Let’s hear it for Betsy DeVos—an exhortation that could be construed as, let’s hear it for Donald Trump, who this year made her his education secretary. But it’s not necessary to get into the partisan nitty-gritty to acknowledge the wisdom and justice of DeVos’s efforts to reform to the process universities use to adjudicate alleged sexual assaults on campus.
Whereas the Obama administration imposed on colleges and universities a program weighted against accused—repeat, accused—offenders, virtually all of them male, DeVos will allow schools to use a higher burden of proof when determining whether the accused should be found guilty. This is not for the sake of the guilty; rather, it is to make sure, through a higher standard of proof, that the accused really did what they’re accused of.
This sounds like old-fashioned fairness . . . which it is. And about time, too. The only people we should want punished for sexual assault are proven sexual assailants. Lives and careers can be ruined, and stupendous legal bills run up, in the absence of the clearer standards to which the DeVos Department of Education means to hold university interrogators.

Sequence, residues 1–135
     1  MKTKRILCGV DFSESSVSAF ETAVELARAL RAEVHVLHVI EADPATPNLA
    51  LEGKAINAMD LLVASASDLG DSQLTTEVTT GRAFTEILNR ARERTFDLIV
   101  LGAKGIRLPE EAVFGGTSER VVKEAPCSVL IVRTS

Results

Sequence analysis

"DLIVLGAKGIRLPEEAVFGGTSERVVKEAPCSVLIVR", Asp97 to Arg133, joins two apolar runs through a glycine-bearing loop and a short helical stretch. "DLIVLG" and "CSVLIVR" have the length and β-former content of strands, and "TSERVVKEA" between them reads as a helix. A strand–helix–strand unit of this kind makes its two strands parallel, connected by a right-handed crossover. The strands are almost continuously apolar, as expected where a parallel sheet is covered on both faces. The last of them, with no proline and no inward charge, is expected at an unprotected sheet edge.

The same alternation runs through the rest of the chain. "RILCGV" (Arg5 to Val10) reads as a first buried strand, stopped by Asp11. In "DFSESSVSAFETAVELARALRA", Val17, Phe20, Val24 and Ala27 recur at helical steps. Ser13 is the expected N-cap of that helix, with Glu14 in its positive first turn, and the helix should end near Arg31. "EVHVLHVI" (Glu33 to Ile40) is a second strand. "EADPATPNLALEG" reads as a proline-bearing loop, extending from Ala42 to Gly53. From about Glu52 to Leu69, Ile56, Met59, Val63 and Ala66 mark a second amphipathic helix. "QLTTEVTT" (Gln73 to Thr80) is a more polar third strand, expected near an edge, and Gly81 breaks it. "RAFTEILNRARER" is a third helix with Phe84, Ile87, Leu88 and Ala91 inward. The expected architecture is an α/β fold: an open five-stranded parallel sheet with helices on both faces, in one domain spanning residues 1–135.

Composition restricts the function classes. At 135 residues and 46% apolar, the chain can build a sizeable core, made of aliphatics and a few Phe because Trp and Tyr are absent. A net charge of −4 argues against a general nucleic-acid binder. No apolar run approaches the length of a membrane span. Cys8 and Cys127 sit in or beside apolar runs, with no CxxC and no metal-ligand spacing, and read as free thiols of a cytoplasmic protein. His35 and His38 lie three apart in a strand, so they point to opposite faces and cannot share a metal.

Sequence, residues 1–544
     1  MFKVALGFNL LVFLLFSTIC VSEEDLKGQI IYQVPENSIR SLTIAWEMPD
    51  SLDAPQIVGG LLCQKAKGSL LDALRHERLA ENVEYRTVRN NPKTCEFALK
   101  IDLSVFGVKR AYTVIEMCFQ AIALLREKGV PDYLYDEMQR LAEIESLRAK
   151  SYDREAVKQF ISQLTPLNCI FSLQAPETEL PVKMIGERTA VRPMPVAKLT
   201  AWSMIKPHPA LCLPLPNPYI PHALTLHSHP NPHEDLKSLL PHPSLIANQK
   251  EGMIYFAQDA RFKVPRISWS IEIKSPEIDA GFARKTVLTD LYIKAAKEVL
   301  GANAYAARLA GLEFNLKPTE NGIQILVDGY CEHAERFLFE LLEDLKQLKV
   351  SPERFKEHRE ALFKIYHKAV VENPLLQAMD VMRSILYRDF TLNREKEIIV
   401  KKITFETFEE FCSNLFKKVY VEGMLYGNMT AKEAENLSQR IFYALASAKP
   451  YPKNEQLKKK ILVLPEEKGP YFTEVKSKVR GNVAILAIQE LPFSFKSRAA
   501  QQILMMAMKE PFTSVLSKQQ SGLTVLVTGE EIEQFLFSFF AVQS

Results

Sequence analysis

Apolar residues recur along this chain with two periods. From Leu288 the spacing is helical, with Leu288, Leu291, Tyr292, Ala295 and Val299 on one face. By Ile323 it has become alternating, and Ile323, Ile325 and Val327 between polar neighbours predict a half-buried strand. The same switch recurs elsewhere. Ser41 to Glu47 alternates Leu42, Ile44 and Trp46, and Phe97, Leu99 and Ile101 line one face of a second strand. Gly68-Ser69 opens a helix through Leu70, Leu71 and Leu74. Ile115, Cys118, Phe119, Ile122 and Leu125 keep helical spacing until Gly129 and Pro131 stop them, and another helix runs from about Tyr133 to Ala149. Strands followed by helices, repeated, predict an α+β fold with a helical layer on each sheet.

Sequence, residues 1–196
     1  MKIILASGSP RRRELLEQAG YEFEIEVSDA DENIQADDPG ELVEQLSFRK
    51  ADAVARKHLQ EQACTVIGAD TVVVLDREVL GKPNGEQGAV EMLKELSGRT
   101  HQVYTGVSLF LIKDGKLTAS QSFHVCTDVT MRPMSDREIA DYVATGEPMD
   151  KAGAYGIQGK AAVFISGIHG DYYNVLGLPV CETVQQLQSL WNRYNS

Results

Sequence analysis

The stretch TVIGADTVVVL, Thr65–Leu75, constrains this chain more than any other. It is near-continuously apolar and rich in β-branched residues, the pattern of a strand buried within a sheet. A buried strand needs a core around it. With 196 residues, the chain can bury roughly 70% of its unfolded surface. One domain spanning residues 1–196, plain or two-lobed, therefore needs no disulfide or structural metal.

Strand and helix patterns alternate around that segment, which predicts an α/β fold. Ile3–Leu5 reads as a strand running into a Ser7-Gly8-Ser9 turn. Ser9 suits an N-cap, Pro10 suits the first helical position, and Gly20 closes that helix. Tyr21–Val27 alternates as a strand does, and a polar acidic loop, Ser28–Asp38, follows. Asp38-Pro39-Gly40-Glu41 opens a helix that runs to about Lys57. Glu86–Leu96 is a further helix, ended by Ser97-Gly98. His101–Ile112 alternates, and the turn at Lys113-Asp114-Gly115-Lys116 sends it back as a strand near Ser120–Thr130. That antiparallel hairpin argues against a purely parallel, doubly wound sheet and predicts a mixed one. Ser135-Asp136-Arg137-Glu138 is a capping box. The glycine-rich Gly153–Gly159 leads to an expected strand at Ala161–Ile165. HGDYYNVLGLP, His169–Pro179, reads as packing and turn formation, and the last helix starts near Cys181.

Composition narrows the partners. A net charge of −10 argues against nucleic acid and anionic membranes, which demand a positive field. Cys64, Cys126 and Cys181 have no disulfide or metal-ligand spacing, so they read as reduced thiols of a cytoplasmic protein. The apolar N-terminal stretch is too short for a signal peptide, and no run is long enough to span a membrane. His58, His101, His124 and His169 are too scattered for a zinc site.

It’s possible to confuse high proof standards with official indifference to assault—possible, but ludicrous. When it comes to disciplinary proceedings, who did what to whom, and how, needs to be made as clear as possible at the end of the day. Federal disciplinary processes under Title IX of the Education Amendments of 1972 “have not commonly devolved,” she has said, “into an attempt to satisfy [the department’s Office for Civil Rights] rather than search for the truth.” Again: Let’s hear it for Betsy DeVos.
To this crazy state of things we have come, due to our ongoing moral upheavals. Once upon a time parents and colleges sought to enforce by precept, curfew, and separate male-female living quarters an environment that eliminated many of the situations where sexual assaults take place. Today, the federal moral police wander constantly in our midst, making sure we avoid offensive language, exhibit “tolerance,” bestow admiration on approved ideas and heroes, and show up when subpoenaed, as when a male collegian finds himself accused of an offense—an accusation he would not have faced in ye olden tyme, when his parents would have warned him never—hear this?—never to be in a situation where he was alone late at night with one of his female peers in the first place.
The old standards were better than the new ones, both as an ideal and, practically, for the prevention of sexual assault. It’s impossible to believe otherwise (though some try).